Monday, 8 February 2016

Awka Shutdown as NLC, CSO protest increase in electricity tariff

By Okechukwu Onuegbu

Awka the capital city of Anambra State was recently shutdown as Organised Labour leaders, Civil Society Organisations, and other electricity consumers, joined their counterparts nationwide on a peaceful protest against the increment of electricity tariff by the Nigerian Electricity Distributors.

The protesters, learnt, marched from Government House through Amenyi, St. Patrick Cathedral, Reagina Caeli junction to the Enugu Electricity Distribution Company (EEDC) head office at Ziks Avenue, Awka, chanting various solidarity songs with placards of different inscriptions.

Speaking to newsmen, Anambra State Chairman of the Nigerian Labour Congress (NLC), Mr Jerry Nnubia, lamented that the increment would only subject Nigerians to more difficult situation.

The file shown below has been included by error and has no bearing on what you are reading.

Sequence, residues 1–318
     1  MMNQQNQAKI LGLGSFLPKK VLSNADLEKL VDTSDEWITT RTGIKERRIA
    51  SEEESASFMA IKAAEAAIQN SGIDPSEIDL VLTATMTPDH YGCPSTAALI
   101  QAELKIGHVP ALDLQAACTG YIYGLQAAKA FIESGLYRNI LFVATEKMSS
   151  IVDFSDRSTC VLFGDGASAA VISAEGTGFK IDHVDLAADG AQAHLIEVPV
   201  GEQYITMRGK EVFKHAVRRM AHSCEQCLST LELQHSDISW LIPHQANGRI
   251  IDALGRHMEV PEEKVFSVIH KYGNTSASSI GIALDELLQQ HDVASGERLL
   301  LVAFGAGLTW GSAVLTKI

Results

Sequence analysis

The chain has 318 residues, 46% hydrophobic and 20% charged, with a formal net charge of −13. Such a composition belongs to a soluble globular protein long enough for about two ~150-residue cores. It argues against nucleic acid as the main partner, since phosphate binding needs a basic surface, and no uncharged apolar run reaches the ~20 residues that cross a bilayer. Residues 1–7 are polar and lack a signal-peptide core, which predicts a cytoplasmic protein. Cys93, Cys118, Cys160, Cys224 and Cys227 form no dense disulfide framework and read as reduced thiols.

According to Nnubia, “the increment did not follow due process. We have a subsisting court order restraining the power distribution from increasing the tariff for now. We equally had Memorandum of Understanding that within the gestation period of privatization that electricity consumers will be provided with prepaid meters but that has not been done. But rather they resorted to estimated billings whether electricity was used or not”.

He added that at the twilight of the past administration, the Federal Government approved about N18 billion for manpower and infrastructural development but the country was yet to see any result, even as he wondered why the entrepreneurs, who took over the power sector, would increase the tariff when they have not invested into the sector.

“The increase is illegal and unlawful and we are saying no to it. We are already been exploited in the country and are in pains because of the economic hardship in the country. So we will not accept the tariff increase”, Nnubia hinted. reported that some of the placards they carried read: “Nigerian masses are suffering; no increment for now,” “Electricity tariff hike must follow due process” and “ We say no to high tariff,” among others.



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